The United Arab Emirates (UAE) has reportedly cut out Western banks with substantial Qatari investments from its state projects.
The move is likely to tighten the embargo on Qatar, put in place by a group of Gulf countries in June.
According to UAE officials cited by the FT, major banks Credit Suisse, Deutsche Bank and Barclays won’t get any significant mandates in Abu Dhabi in the near future, as large stakes in the lenders are held by Qatar’s sovereign wealth fund along with members of the ruling family.
Qatar Holdings, an investment vehicle operating as a subsidiary of state-run Qatar Investment Authority, is currently Barclays’ largest shareholder, with a 5.97 per cent stake.
The state fund is also the second biggest stockholder in Credit Suisse, with a 4.24 per cent stake.
Former Qatari politician, Hamad bin Jassim bin Jabor Al-Thani, holds the third largest stake of 4.07 per cent in Deutsche Bank.
The informal boycott came to light last month when the Abu Dhabi National Oil Company (ADNOC) was seeking to hire banks for an initial public offering of its retail arm.
The affected lenders, including Credit Suisse, were quickly cut off, while others, such as Barclays, were not invited at all, the banking officials said.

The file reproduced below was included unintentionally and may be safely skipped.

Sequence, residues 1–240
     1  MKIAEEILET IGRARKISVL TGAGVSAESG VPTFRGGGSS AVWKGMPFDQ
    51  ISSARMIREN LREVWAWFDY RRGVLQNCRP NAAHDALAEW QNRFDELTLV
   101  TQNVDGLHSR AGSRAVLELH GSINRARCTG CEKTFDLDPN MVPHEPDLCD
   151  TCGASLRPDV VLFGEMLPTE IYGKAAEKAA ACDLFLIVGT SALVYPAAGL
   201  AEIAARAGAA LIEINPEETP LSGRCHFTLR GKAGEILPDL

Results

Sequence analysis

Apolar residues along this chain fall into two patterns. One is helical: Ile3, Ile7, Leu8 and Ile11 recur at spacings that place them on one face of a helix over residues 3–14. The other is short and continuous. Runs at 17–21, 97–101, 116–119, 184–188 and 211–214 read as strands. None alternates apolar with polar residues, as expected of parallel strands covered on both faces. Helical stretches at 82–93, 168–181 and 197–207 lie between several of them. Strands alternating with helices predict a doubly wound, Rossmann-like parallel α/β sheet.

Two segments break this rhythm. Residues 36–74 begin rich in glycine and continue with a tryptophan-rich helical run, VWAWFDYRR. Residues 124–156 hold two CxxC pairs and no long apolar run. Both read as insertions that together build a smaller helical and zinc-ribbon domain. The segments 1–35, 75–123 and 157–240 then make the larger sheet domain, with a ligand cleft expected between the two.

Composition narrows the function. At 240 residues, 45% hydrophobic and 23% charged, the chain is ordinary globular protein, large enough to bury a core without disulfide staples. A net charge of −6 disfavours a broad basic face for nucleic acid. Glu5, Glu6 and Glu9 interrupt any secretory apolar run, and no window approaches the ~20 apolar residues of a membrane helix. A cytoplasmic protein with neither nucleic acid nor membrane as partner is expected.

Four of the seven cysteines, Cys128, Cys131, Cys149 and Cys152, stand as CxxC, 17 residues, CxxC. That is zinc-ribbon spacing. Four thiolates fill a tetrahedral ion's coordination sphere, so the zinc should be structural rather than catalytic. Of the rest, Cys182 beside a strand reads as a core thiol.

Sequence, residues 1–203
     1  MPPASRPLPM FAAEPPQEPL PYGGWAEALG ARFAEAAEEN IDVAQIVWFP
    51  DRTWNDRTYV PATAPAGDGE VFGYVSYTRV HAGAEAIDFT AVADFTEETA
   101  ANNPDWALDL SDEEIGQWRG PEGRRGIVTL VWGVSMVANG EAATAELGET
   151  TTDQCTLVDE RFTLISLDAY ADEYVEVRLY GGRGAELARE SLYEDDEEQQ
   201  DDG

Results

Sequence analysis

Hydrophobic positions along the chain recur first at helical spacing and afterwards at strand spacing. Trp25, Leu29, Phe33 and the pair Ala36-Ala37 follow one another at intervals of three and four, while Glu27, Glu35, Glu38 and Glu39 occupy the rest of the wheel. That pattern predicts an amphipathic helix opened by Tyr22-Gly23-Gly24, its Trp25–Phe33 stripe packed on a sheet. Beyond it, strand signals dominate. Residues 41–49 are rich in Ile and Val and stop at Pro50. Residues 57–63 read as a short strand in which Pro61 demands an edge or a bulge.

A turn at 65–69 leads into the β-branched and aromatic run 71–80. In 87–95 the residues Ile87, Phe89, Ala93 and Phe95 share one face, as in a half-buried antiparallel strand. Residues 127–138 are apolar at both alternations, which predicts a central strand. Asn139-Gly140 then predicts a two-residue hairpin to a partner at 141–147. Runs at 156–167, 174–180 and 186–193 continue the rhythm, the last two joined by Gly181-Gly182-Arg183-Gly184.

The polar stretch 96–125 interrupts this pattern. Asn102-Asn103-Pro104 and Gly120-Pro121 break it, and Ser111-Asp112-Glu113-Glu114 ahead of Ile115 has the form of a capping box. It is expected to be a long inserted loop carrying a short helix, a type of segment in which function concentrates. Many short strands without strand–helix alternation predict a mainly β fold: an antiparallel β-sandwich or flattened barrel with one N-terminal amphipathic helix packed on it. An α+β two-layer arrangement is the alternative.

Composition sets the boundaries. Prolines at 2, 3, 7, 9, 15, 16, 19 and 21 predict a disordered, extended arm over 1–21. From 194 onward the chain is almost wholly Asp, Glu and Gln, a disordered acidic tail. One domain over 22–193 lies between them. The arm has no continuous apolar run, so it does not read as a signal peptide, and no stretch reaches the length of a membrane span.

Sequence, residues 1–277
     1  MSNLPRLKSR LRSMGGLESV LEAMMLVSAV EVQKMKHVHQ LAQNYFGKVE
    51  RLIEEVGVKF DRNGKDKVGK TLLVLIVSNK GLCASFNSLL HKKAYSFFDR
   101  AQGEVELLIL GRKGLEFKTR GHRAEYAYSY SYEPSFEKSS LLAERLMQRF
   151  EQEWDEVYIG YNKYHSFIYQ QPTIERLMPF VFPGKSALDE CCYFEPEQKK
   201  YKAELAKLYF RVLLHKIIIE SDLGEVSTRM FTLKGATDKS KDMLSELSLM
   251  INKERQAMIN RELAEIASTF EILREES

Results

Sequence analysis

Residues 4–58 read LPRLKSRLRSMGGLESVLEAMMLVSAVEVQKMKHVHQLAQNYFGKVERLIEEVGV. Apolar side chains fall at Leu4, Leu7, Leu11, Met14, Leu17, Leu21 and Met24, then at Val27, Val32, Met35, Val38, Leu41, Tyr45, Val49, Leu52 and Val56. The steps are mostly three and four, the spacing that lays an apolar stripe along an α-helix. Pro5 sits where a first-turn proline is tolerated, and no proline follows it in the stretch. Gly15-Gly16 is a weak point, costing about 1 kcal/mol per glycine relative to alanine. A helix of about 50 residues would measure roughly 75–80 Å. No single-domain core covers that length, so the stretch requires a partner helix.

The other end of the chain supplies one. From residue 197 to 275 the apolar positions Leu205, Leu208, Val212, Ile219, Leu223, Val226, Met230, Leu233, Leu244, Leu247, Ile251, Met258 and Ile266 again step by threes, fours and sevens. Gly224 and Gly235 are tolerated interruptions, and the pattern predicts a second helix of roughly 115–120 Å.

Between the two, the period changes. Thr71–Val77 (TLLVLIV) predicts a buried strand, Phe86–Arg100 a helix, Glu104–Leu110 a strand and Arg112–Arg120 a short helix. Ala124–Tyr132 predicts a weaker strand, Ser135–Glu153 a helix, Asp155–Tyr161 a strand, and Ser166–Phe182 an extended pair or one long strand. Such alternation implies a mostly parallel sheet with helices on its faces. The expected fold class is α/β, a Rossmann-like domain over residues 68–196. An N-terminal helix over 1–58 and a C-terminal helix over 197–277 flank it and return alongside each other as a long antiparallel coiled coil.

The banks were also not picked to raise a syndicated loan of up to $5 billion announced by ADNOC.
“We have been told there is an informal boycott, there is nothing we can do.
There is no public blacklisting, but behind-the-scenes skullduggery,” an unnamed banker told the FT.
IPOs, mergers as well as a broad fundraising program implemented by Abu Dhabi has attracted international banking institutions after three years of little activity in the sector due to the oil price crash in 2014.
In June, Saudi Arabia, United Arab Emirates, Bahrain, and Egypt cut diplomatic ties with Qatar and began an economic embargo, accusing the state of supporting terrorist groups and having close ties to Iran.
Qatar has vehemently denied accusations it was sponsoring terrorism, calling the blockade by its Arab neighbours illegal.